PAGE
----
‘You pay now!”
Though more subtly expressed, that was Barack Obama’s message as he beseeched contributors while jetting about in Air Force One a few nights ago.
“President Obama sounded weary and maybe a tad worried late Friday during a rambling conference call with campaign donors whom he repeatedly begged to send money — and send it now,” the Daily Beast’s Lloyd Grove wrote Saturday. The website obtained an audio recording of Obama’s appeal to high-dollar patrons. This Obama classic had it all: finger-pointing, moping, and lies.
“The majority on this call maxed out to my campaign last time. I really need you to do the same this time,” Obama implored, as he returned to Washington after touring fire damage in Colorado Springs. (Never mind the recent disclosure that Obama apparently had not spoken with Governor John Hickenlooper (D., Colo.) between June 12 and June 27, while this swing state burned to a crisp.)
Obama continued: “We’re going to have to deal with these super PACs in a serious way. And if we don’t, frankly I think the political [scene] is going to be changed permanently, because the special interests that are financing my opponent’s campaign are just going to consolidate themselves. They’re gonna run Congress and the White House.”
In his 18-minute supplication, Obama also whined that “in 2008 everything was new and exciting about our campaign. . . . And now I’m the incumbent president. I’ve got gray hair. People have seen disappointment because folks had a vision of change happening immediately.”
First of all, compare Obama’s plight with that of former Massachusetts governor Mitt Romney. After the Supreme Court upheld Obamacare, to widespread shock and outrage, the entire American center-right realized that SCOTUS cannot do our work for us. Repealing Obamacare means repealing Obama. Consequently, the Romney campaign received some $4.6 million overnight from 47,000 Americans, averaging about $98 each.
Contrast Romney’s bright day with Obama’s dark night: phoning from Air Force One with a shaky, exhausted pitch to his benefactors. This is hardly the portrait of a confident leader or an optimistic campaign.
Second, the fundraiser-in-chief moans about Romney and “the super PACs.” Guess what? Obama has his own super PAC. Priorities USA, led by former Obama aide Bill Burton, collected about $4 million in May and about $20 million so far this year, with another $20 million in commitments. So Obama’s complaints are — surprise, surprise — rampantly hypocritical.
Third, unlike Romney, Obama will enjoy both cash and in-kind services from America’s labor unions. The money that Romney collects is offered voluntarily. Unions, however, derive their campaign funds from compulsory union dues that they pry from workers’ wallets. Someday, this shameful injustice will stop. For now, it remains a huge advantage for Obama.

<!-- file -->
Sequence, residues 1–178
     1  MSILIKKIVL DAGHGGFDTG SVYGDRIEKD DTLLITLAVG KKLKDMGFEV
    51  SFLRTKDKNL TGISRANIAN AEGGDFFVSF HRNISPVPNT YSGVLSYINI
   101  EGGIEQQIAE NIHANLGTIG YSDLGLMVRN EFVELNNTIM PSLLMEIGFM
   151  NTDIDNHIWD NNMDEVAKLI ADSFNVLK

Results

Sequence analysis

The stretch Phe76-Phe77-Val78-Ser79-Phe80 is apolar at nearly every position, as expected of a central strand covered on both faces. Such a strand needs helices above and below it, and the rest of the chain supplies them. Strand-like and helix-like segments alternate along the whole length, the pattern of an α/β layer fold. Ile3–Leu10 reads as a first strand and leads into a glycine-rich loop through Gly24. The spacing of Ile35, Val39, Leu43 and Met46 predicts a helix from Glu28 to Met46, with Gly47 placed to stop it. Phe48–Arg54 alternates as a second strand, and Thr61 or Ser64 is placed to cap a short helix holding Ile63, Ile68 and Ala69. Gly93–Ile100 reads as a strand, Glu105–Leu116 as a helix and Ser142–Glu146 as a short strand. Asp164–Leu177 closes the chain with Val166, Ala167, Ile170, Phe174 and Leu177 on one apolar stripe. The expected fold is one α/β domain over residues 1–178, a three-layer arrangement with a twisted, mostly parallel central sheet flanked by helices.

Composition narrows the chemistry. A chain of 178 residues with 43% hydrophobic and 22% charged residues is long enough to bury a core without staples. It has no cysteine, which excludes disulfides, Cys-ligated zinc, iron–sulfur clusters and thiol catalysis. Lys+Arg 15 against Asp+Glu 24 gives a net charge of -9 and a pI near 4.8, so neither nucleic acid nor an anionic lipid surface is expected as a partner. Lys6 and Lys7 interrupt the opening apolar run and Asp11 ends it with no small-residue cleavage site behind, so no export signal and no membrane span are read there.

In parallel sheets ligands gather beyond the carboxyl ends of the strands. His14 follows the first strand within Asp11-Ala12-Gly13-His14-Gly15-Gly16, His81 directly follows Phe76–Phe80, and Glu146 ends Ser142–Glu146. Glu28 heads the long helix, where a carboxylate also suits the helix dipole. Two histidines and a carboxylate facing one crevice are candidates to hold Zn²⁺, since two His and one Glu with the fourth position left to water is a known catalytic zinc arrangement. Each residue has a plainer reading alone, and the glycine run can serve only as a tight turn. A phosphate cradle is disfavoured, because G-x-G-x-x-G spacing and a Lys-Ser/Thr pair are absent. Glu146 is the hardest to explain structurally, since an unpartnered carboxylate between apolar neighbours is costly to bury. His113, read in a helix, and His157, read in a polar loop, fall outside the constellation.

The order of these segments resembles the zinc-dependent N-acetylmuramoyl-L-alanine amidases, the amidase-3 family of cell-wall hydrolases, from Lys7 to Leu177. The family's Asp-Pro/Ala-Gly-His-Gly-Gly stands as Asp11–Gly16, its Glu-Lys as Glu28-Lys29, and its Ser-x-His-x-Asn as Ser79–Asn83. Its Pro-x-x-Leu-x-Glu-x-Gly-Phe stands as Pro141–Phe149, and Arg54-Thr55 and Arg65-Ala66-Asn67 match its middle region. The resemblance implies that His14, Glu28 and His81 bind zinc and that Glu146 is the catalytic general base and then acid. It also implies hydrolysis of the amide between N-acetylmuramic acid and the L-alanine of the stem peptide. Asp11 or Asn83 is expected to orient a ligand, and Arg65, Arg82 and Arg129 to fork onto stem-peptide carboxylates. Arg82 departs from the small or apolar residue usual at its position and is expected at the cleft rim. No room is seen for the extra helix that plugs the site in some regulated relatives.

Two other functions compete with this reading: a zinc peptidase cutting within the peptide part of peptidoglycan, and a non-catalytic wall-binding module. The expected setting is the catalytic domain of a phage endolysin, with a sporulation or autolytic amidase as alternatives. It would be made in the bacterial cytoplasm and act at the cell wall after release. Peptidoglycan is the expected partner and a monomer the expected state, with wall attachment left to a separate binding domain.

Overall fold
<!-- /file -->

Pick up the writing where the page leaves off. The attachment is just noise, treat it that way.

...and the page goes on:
Fourth, Obama lately has lagged in fundraising, in part, because he has vilified the “fat cats” and “millionaires and billionaires” on Wall Street. Few people enjoy being insulted at dawn and solicited at dusk — all by the same candidate. While financiers were among Obama’s biggest boosters in 2008, many of them have greeted his class-warfare battle cries by snapping their checkbooks shut.
Obama is learning a lesson from Grateful Dead: “If you plant ice, you’re gonna harvest wind.”
Finally, it would be reassuring if the president of the United States stopped lying. It is unseemly and immoral.
Pointing fingers, which he now does with Olympic-grade skill, Obama whimpered that “it turns out change is hard, especially when you’ve got an obstructionist Republican Congress.”
Liar! There is no “Republican Congress!”
Republicans control only the House of Representatives. Obama’s fellow Democrats run the U.S. Senate.
Indeed the Republican House has passed 27 bills specifically designed to resurrect the American economy and spur job creation. Harry Reid and Senate Democrats refuse even to vote on these measures.
Even worse, for the last three years, the Democratic Senate has violated the Congressional Budget and Impoundment Act of 1974. This federal law requires Congress to pass a budget “on or before April 15 of each year.” The GOP House has delivered two budgets to the Senate, which has rejected them without adopting its own spending plans. Meanwhile, President Obama’s budget this spring was defeated unanimously in the House and Senate — receiving precisely zero votes from either Republicans or Democrats. Indeed, the Democratic Senate last passed a budget on April 29, 2009.
Rather than excoriate “obstructionist Republicans,” Obama should try something new: He should provide at least enough leadership so that his own party passes his own budget in the Democratic Senate.
Until then, Obama must endure the indignity of shaking his tin cup while speeding through the clouds aboard his taxpayer-funded Boeing 747.
— New York commentator Deroy Murdock is a Fox News contributor, a nationally syndicated columnist with the Scripps Howard News Service, and a media fellow with the Hoover Institution on War, Revolution and Peace at Stanford University.